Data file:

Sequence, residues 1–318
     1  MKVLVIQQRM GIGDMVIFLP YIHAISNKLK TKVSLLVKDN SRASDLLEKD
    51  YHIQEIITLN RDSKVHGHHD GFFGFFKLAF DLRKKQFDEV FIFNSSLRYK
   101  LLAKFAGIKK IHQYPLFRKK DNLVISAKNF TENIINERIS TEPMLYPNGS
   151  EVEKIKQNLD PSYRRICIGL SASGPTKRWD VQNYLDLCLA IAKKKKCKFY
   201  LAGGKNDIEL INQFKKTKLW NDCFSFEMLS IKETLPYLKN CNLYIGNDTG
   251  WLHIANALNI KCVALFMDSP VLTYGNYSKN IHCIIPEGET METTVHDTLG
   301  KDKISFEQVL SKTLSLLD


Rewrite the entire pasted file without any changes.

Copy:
Sequence, residues 1–318
     1  MKVLVIQQRM GIGDMVIFLP YIHAISNKLK TKVSLLVKDN SRASDLLEKD
    51  YHIQEIITLN RDSKVHGHHD GFFGFFKLAF DLRKKQFDEV FIFNSSLRYK
   101  LLAKFAGIKK IHQYPLFRKK DNLVISAKNF TENIINERIS TEPMLYPNGS
   151  EVEKIKQNLD PSYRRICIGL SASGPTKRWD VQNYLDLCLA IAKKKKCKFY
   201  LAGGKNDIEL INQFKKTKLW NDCFSFEMLS IKETLPYLKN CNLYIGNDTG
   251  WLHIANALNI KCVALFMDSP VLTYGNYSKN IHCIIPEGET METTVHDTLG
   301  KDKISFEQVL SKTLSLLD